LORD  BYRON  and  his  TIMES
Documents Biography Criticism

The Life of William Roscoe
Chapter VI. 1796-1799
William Roscoe to William Rathbone, [January? 1797]

Vol I. Contents
Chapter I. 1753-1781
Chapter II. 1781-1787
Chapter III. 1787-1792
Chapter IV. 1788-1796
Chapter V. 1795
Chapter VI. 1796-1799
Chapter VII. 1799-1805
Chapter IX. 1806-1807
Chapter X. 1808
Chapter XI. 1809-1810
Vol II. Contents
Chapter XII. 1811-1812
Chapter XIII. 1812-1815
Chapter XIV. 1816
Chapter XV. 1817-1818
Chapter XVI. 1819
Chapter XVII. 1820-1823
Chapter XVIII. 1824
Chapter XIX. 1825-1827
Chapter XX. 1827-1831
Chapter XXI.
Creative Commons License

Licensed under a Creative Commons Attribution-Noncommercial-Share Alike 3.0 Unported License.
Produced by CATH

“This morning, and at this hour, I was to have had the superlative honour of being introduced to the Duchess of Gordon; but recollecting that I could appear before her Grace in no other capacity than as one of those puppies,
‘who dangle up and down,
To fetch and carry sing-song thro’ the town,’
I have thought proper to decline the challenge; and instead of acquiring new fashionable ac-
quaintance, shall devote this half hour to old solid friendship,

“How you will envy me, when I tell you, that last Saturday, I had an hour’s familiar conversation with Mr. Fox, at the Marquis of Lansdowne’s, where I before had accidentally met Mr. Grey. Of these rencontres, I put nothing on paper; not altogether because of the old proverbs, ‘Littera scripta manet,’ and ‘Nescit vox emissa reverti;’ nor yet because of the provisions of the two acts; but because it would occupy too much of my paper, and require more time than I can at present spare. I dine to-day with the Marquis; but think there will be no company. Should any thing interesting occur, either there or elsewhere, I will again take up my pen.

“The people here are of opinion the French will pay us a visit; but they have no doubt that British courage will, with God’s assistance, soon make them repent of their temerity. A shopkeeper in the Strand told me, that as God had fought for us when the enemy appeared off Ireland, He would not surely desert us when they attacked England. What can such a pious people have to fear from a nation of infidels? When miracles are daily performed in our favour, it seems absurd to have recourse to human means. A few days since, I sent a short paper to ‘The Morning Chronicle,’ pointing out the necessity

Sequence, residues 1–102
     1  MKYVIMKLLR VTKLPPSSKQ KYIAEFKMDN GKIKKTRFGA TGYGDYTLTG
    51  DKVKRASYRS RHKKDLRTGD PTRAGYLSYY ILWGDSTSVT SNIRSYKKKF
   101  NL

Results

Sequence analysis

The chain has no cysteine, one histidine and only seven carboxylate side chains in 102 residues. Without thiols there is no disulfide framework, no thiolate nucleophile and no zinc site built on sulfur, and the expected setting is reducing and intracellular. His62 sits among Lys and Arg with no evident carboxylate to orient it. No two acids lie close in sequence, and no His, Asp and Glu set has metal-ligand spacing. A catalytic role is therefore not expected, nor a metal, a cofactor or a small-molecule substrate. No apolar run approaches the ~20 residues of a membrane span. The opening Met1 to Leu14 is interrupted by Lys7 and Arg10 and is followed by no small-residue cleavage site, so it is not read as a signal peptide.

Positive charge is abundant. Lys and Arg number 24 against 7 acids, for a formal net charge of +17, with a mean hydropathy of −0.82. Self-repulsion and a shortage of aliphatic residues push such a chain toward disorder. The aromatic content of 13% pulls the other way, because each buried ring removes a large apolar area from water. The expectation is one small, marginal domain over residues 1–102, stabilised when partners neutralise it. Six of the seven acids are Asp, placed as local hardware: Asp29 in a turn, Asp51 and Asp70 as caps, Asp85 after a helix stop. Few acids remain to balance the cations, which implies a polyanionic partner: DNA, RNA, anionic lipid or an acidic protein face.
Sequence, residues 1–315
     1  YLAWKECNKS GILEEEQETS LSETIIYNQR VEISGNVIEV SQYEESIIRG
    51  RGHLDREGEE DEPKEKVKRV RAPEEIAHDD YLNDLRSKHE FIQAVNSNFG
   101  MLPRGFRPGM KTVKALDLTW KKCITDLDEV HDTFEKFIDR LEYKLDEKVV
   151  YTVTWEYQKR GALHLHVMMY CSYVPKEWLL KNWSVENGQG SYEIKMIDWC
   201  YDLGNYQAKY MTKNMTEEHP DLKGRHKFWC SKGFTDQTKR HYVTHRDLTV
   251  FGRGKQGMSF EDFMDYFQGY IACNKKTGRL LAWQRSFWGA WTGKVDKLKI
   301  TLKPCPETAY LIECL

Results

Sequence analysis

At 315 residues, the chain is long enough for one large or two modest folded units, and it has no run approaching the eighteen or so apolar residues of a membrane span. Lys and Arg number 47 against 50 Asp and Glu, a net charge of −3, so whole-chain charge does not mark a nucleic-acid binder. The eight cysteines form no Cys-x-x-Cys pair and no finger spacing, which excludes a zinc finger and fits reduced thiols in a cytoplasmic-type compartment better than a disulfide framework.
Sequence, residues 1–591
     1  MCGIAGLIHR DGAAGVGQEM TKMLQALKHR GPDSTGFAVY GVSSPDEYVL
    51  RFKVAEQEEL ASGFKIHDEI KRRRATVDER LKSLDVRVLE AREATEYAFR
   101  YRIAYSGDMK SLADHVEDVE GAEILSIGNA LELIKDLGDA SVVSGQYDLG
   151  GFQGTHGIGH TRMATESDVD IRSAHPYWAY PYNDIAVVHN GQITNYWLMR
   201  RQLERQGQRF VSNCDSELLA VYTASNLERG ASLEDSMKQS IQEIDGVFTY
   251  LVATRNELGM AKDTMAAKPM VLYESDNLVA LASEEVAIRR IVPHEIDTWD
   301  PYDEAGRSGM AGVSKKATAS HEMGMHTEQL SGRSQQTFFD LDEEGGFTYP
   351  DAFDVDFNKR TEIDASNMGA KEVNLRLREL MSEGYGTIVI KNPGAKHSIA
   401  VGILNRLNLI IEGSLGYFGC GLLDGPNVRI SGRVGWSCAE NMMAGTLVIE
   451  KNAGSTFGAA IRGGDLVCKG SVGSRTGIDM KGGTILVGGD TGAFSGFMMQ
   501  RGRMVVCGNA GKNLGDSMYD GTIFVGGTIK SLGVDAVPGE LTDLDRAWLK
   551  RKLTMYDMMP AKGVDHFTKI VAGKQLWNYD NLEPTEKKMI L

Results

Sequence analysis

of immediately adverting to the alternative of peace, whilst it was yet practicable; but it has not been suffered to appear. In fact, every thing is matter of party; and as the ministry set up the cry of danger, the opposition papers take the other side of the question, and affect to consider their wailings as a further pretence to raise loans and impose taxes; and those who have only at heart the real good of the country, without regarding either ministry or opposition, cannot obtain even a hearing. I much fear the predominating idea of men of all parties is individual, personal aggrandisement, and that the welfare of the country is only a secondary consideration; or rather, perhaps, a cloak to cover their real purpose. There are only two classes of men; viz. those who would sacrifice themselves for their country, and those who would sacrifice their country to themselves. Which of these are the most numerous I shall not pretend to say; though I think I have in the course of my life met with an instance or two of the former.”